Parliamentary Members’ Proposal Amending the Trade Restrictions on Sundays, Public Holidays, and Certain Other Days Act and the Labor Code Act

dr hab. Krzysztof Koźmiński

On March 21, 2024, the Secretariat of the Marshal of the Sejm received a parliamentary members’ Proposal Amending the Trade Restrictions on Sundays, Public Holidays, and Certain Other Days Act and the Labor Code Act, proposed by the deputies from Poland 2050-Third Way (hereinafter referred to as the “Draft Amendment”). The draft is to change the law concerning trade and activities related to trade on Sundays. Currently, the matter is regulated by the Trade Restrictions on Sundays, Public Holidays, and Certain Other Days Act of January 10, 2018 (consolidated text: Journal of Laws of 2024, item 449) (hereinafter referred to as the “Trade Restriction Act”).

The draft amendment proposes an amendment to Article 7 of the Trade Restriction Act, introducing an exemption from the Sunday trading ban on every first and third Sunday of the month. The draft amendment also introduces such an exemption in case of the first three Sundays of December, unless one of them falls on December 24, i.e. Christmas Eve. The trade ban is also not to apply on the last Sunday before Easter (i.e. on Palm Sunday), and if it is the first or third Sunday in a month, the ban is also not to apply on the Sunday preceding the first or third Sunday of that month.

The draft amendment includes adding Article 7a Section 1 to the Trade Restriction Act, according to which an employee working on Sunday, except for work in business establishments, places, and periods referred to in Article 6 (hereinafter referred to as the “Employee”), shall be entitled to double remuneration for that day.

Additionally, the employer is obliged to provide the employee with another day off from work within 6 calendar days preceding or following such a Sunday. According to Article 7a Section 2 of the Draft Amendment, if the Employee can’t take a day off during the mentioned period, the employer will be obliged to provide the Employee with a day off until the end of the settlement period. Another obligation for the employer, i.e. the obligation to provide the Employee with at least two Sundays off work in a calendar month, is introduced in Article 7a Section 3.

The draft amendment also adds a new § 5  to Article 15111 of the Labor Code, which excludes the application of the provisions regarding rights related to work on Sundays from Article 15111 §1-4 of the Labor Code to Employees referred to in Article 7a of the Trade Restriction Act.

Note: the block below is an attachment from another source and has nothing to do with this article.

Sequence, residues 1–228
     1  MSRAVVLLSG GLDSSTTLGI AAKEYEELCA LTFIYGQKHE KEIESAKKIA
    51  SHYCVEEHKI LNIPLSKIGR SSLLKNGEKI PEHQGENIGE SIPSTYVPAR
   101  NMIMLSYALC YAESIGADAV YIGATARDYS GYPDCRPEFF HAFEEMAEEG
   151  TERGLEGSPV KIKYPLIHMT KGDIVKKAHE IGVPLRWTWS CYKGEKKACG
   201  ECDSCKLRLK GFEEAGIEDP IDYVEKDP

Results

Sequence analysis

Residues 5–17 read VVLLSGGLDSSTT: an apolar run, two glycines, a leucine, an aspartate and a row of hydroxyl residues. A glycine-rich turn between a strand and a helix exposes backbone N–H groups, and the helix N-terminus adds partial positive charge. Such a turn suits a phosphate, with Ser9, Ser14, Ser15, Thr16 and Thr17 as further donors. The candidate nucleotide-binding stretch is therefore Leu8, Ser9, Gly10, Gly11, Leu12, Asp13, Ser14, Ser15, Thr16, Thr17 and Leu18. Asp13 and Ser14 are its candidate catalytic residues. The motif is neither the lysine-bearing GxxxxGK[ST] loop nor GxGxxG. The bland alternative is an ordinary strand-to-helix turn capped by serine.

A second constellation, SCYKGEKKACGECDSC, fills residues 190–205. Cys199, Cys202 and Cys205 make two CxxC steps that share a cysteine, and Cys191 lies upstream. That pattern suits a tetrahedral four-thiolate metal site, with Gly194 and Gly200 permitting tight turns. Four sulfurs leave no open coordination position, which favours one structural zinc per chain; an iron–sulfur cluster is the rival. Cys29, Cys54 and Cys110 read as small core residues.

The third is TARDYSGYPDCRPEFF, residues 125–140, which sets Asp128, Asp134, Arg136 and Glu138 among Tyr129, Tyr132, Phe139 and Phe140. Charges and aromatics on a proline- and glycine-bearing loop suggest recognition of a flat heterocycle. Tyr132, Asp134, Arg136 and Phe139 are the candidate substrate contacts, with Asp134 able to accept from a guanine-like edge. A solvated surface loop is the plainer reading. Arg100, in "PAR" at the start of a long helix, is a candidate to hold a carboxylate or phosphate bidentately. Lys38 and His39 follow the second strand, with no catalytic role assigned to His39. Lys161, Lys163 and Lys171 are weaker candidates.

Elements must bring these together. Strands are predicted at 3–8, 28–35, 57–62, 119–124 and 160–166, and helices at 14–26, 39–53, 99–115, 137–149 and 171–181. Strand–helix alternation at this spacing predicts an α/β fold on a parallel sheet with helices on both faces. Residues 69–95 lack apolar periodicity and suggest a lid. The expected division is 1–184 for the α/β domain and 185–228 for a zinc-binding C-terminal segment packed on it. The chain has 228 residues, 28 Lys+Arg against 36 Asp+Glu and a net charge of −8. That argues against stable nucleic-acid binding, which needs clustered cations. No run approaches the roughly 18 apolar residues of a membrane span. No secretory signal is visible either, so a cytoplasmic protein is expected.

Justification of the draft amendment

The members of the parliament who presented the draft amendment believe that the proposed changes to the regulations are a compromise. What they indicated in the justification for the draft was that the entry into force of the Trade Restriction Act did not meet some of the objectives for which it was adopted.

Firstly, the MPs underlined thatthe introduction of the Trade Restriction Act did not meet its intended goal of supporting small, local stores in competing with large retail chains, which in their opinion, is indicated by the flourishing of the latter (including especially the so-called discount chains) while reducing the total number of retail stores, which was largely caused because of the reduction in the number of small local stores.

Secondly, the drafters indicate that Poles’ opinions on the Sunday trading ban are divided. Survey research from February this year showed that 46% of respondents support lifting the ban, while 44 % are for maintaining it.

In consequence, the authors of the draft think that consent to the partial opening of stores on Sundays, together with higher wages for employees, will allow reconciling interests of customers who want to shop and employees. Another argument is that the possibility of working on Sundays is also used by people who, for various reasons, such as studying cannot work on other days of the week, e.g. students who want to cover the costs of living in an academic city at least partially.

The attitude of „practitioners” towards the draft amendment

The Polish Chamber of Trade (PCT) has a negative opinion about the draft amendment. Its president, Maciej Ptaszyński, claims that micro, small, and medium-sized enterprises generally accept the current law as it is favorable to them. The president of PCT indicates that these companies spent hundreds of millions of PLN on marketing campaigns that were intended to encourage consumers to move their Sunday shopping to Fridays and Saturdays. Mr. Ptaszyński also stated that the current catalog of exemptions from the Sunday trading ban, included in the Trade Restriction Act, is sufficient because it for example allows owners of small shops to personally conduct sales on Sundays.

The Alternative Union trade union (Związkowa Alternatywa) is of a different opinion. Its chairperson, Piotr Szumlewicz, claims that the current ban on Sunday trading is a complete fiction, as approximately 60% of stores are open on Sundays. In his opinion, the draft amendment is a step in the right direction, but he accuses it of several inconsistencies. For example, Szumlewicz stated that the draft amendment ignores industries other than trade, for which analogous solutions should be applied.

Jabłoński Koźmiński & Partners team will constantly monitor and inform about significant changes concerning the Trade Restriction Act. Shall you have any questions, feel free to contact our law firm.


dr hab. Krzysztof Koźmiński
Attorney-at-law, Managing partner+48 602 359
Bartłomiej Maś
Paralegal+48 22 416 60

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